One fifth (19%) of UK homeowners have been unable to remortgage their home since the pandemic started, according to Comparethemarket.
The impact of the pandemic on employment and financial stability has meant that many households have become ineligible for competitive fixed rate deals, noted the price comparison website.
Almost half (41%) of households unable to remortgage said their application was rejected because they had lost their jobs, and 32% said it was because they had been furloughed.
A quarter (26%) of homeowners thought their application was rejected because of a salary cut.
Households could see their monthly mortgage payments rise by hundreds of pounds each month on an SVR.
In the Budget on 3 March, the government confirmed the launch of a Mortgage Guarantee Scheme for lenders to small deposit holders.
One in five (19%) first-time buyers tried to buy a property however their deal fell through, compared to 14% who successfully bought a home.
When asked why the transaction did not complete, a 23% said their provider reduced their initial loan-to-income offer, 18% said their mortgage provider had increased their initial interest rate, and 18% claimed their mortgage lender asked for a larger deposit than originally required.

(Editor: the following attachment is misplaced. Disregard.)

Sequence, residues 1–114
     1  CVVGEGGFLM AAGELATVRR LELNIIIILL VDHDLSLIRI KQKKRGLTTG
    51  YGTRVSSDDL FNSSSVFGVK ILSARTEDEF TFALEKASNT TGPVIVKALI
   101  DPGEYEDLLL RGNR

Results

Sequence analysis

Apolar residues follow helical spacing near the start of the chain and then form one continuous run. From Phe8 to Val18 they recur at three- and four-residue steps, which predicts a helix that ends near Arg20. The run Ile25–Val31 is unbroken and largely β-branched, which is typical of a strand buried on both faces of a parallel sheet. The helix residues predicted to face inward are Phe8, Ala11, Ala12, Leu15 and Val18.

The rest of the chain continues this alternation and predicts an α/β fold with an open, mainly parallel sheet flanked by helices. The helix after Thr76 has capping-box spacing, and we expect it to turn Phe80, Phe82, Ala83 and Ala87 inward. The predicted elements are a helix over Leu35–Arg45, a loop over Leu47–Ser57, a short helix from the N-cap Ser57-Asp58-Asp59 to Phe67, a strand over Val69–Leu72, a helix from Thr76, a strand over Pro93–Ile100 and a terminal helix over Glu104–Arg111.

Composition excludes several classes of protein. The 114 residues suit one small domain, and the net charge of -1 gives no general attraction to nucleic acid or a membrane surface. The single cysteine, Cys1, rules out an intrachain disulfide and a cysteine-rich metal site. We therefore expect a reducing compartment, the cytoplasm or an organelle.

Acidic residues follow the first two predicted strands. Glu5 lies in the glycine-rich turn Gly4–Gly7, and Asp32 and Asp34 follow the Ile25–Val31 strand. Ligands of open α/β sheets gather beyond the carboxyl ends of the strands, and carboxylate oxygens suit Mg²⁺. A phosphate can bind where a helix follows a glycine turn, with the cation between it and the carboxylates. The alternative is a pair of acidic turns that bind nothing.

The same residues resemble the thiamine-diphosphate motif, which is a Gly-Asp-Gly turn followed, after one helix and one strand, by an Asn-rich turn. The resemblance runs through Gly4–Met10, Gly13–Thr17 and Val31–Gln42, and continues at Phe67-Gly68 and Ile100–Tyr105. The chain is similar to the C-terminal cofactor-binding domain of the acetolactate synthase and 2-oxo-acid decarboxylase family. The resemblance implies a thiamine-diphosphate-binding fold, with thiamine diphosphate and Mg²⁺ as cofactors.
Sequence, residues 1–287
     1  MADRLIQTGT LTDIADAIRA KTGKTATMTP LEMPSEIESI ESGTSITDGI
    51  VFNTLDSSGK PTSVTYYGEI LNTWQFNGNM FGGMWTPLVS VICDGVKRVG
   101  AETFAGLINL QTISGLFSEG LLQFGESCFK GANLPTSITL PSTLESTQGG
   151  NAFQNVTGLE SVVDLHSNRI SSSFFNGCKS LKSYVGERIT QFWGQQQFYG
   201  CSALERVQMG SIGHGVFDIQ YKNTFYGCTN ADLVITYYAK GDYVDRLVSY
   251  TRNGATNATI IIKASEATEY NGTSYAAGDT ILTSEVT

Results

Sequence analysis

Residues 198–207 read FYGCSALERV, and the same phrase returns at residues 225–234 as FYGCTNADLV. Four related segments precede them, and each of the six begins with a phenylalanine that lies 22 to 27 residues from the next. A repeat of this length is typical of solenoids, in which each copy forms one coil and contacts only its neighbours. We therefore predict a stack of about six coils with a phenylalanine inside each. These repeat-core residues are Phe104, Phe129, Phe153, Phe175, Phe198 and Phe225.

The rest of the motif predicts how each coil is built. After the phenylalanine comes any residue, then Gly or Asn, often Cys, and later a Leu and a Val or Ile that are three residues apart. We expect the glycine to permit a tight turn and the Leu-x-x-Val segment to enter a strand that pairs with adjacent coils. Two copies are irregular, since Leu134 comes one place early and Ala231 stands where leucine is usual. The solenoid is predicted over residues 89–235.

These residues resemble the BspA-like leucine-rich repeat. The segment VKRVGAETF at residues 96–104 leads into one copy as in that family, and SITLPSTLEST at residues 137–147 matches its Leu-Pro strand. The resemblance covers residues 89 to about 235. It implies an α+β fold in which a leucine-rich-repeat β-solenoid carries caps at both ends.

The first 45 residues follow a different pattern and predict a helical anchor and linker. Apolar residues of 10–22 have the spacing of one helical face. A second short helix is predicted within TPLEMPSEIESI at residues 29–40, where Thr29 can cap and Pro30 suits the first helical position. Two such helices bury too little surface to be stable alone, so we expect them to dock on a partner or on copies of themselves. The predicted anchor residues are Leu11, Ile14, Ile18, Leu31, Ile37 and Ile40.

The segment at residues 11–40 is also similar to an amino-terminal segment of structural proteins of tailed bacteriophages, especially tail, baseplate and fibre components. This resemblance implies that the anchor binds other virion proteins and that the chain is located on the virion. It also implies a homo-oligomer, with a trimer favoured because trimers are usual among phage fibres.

The original stamp duty holiday deadline also played a significant role in property transactions falling through, affecting 21% of first-time buyers and 28% of homeowners.
However, as announced in the Budget, the stamp duty holiday has been extended until the end of June with a three month taper, which 65% of first-time buyers and 75% of homeowners believe will benefit them.
Mark Gordon, director of mortgages at comparethemarket, said: “The pandemic does not yet appear to have had the decimating impact on house prices which many initially predicted.
“In fact, three-quarters (75%) of homeowners are confident they will sell their homes at the asking price.
“However, this does not mean that it is easy to get on, or move up, the property ladder.
“Household finances have been put under severe strain this past year and many families have found themselves in a more precarious position when it comes to their jobs and income.
“This can have a direct impact on mortgage repayments – often our largest monthly outgoing – and the ability to buy a property.
“Being unable to remortgage means some households will roll onto a lender’s SVR rate, and, over the years, could lose out on thousands of pounds in higher interest charges.
“If you can’t remortgage with your current lender, it is worth doing some research and seeing if you would be eligible for a fixed rate deal with another lender or speaking with a mortgage broker.”